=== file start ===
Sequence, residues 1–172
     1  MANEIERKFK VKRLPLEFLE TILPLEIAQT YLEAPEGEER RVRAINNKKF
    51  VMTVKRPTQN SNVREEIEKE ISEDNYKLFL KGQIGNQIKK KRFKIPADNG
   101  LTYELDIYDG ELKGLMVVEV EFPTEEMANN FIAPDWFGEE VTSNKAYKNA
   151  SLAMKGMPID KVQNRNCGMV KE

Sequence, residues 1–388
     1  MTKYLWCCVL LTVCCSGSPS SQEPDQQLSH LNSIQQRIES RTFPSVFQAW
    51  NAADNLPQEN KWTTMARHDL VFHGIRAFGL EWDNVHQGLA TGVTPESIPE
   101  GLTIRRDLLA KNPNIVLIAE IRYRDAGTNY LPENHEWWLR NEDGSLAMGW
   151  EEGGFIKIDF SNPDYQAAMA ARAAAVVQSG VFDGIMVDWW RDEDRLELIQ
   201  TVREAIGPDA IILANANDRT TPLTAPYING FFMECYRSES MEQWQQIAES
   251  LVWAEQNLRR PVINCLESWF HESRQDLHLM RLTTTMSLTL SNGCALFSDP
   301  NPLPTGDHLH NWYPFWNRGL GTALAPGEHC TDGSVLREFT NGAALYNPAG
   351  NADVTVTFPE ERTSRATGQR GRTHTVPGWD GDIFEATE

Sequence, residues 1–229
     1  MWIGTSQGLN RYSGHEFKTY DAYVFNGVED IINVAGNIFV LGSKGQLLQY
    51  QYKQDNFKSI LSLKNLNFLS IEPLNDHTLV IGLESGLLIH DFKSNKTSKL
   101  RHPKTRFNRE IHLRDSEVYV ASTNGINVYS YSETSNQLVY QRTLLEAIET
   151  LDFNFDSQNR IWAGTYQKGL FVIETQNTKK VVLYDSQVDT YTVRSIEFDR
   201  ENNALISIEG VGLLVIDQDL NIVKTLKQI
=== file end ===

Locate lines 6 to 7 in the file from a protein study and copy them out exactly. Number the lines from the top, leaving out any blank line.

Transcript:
Sequence, residues 1–388
     1  MTKYLWCCVL LTVCCSGSPS SQEPDQQLSH LNSIQQRIES RTFPSVFQAW